Children with mild intellectual disability and their families – needs for support, service utilisation and experiences of support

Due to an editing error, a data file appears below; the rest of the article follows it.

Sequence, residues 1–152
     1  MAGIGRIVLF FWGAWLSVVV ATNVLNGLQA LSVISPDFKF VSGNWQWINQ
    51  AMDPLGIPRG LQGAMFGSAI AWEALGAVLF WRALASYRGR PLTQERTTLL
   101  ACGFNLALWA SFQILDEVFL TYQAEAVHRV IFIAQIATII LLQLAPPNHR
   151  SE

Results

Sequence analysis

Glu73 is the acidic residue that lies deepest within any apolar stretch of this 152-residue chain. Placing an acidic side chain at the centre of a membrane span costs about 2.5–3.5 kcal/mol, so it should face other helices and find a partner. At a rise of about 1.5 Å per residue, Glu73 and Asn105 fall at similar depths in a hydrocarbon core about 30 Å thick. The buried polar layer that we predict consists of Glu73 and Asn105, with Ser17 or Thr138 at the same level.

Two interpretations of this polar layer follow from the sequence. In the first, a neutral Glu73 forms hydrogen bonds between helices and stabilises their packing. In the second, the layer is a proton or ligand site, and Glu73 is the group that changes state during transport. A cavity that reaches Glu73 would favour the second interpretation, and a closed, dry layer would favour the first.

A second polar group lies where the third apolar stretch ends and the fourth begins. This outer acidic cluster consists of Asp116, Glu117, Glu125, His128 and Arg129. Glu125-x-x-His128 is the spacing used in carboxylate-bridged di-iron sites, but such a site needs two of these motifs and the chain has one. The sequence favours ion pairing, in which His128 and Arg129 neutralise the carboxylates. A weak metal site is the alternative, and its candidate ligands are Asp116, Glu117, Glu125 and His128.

Abstract: This thesis focuses on service utilisation among children with mild ID and their families, their needs for support and their experiences of support.AimsThe overall aim of the thesis was to explore and describe service utilisation patterns among families of children with mild ID from a systems perspective.MethodsA cross-sectional, descriptive and comparative quantitative design was used to describe the extent of service utilisation among 84 children with mild ID and their families (paper I and II). The types and number of services utilised were investigated in relation to the child’s age, gender and school setting. Data concerning the services utilised were collected from the organisational records of social services and paediatric habilitation units. In paper III, a descriptive questionnaire design was used to describe the support needs of families of 38 children with mild ID. A confirmatory design was used to examine the relation between family needs for support and (a) parental self-efficacy and (b) parents’ control over services. A confirmatory design was also used to examine the relation between parents’ experiences of the helpfulness of the support and (a) parental self-efficacy and (b) parents’ control over services. In paper IV a longitudinal, comparative and confirmatory design was used to investigate whether social service utilisation patterns differ over time when children with mild ID in self-contained classes are compared with those integrated into mainstream classes (n=405).ResultsIn total, 60% of the families utilised paediatric habilitation services, and 40% of the families used disability-related services provided by social services. The most commonly utilised services were services concerned support outside of the home, such as respite care and services to improve children’s participation in society. Approximately 25% of the families utilised social problems-related services provided by social services. The most commonly utilised services concerned those to support parents in their parenting roles and financial assistance. In contrast to older children, younger children were more likely to utilise paediatric habilitation services. Older children utilised a higher number of disability-related service types provided by social services. Few differences were found between males and females. The majority of families did not utilise such services that are provided by social services. It was rare for families to use both disability-related services and those that address social problems during the same year.Commonly reported family needs concerned information about what services are available for their child, their child's impairment, how to respond to their child's behaviour and how to teach their child skills. Other common needs included access to parent support networks, to find suitable leisure activities for the child, and more alone time for parents. In contrast to families with mothers who did not participate in paid work, families with mothers who were employed expressed a lower requirement for support such as counselling, contact with other parents of children with impairments, more friends and more alone time for parents. Similar results werefound for families with mothers with higher levels of education. Parents with higher levels of perceived self-efficacy reported a lower need for information, as did also parents with higher levels of control over services. Parents with higher levels of control over services experienced the support as being more helpful.Children with mild ID who attended self-contained classes were more likely to utilise paediatric habilitation services than children integrated in mainstream classes. The same pattern was found for utilisation of disability-related services provided by social services. Integrated children who changed school setting to attend self-contained classes were more likely to begin to utilise disability-related services in comparison with those children who continued to be integrated. The former also had a higher likelihood of increasing the number of disability-related service types utilised.ConclusionsIn addition to disability-related problems, families of children with mild ID may also be at a higher risk of experiencing social problems when compared with the general population. Furthermore, very few families utilised both disability-related services and services addressing social problems. This implies that collaboration flaws exist between those professionals concerned with child welfare services and those concerned with disability-related services. A strong predictor of service utilisation was the type of school setting: children attending self-contained classes had a higher rate of service utilisation than those attending mainstream classes. This indicates that service systems outside of school are designed to collaborate with groups of pupils in special classes rather than individual children in mainstream classes. The strong need for information by families indicates that an ecological framework should be used to identify those factors that affect information availability and effectiveness. To increase parents’ perceived level of control over services, HSO professionals need to work in a capacity building manner with the explicit goal to enhance parental self-efficacy.
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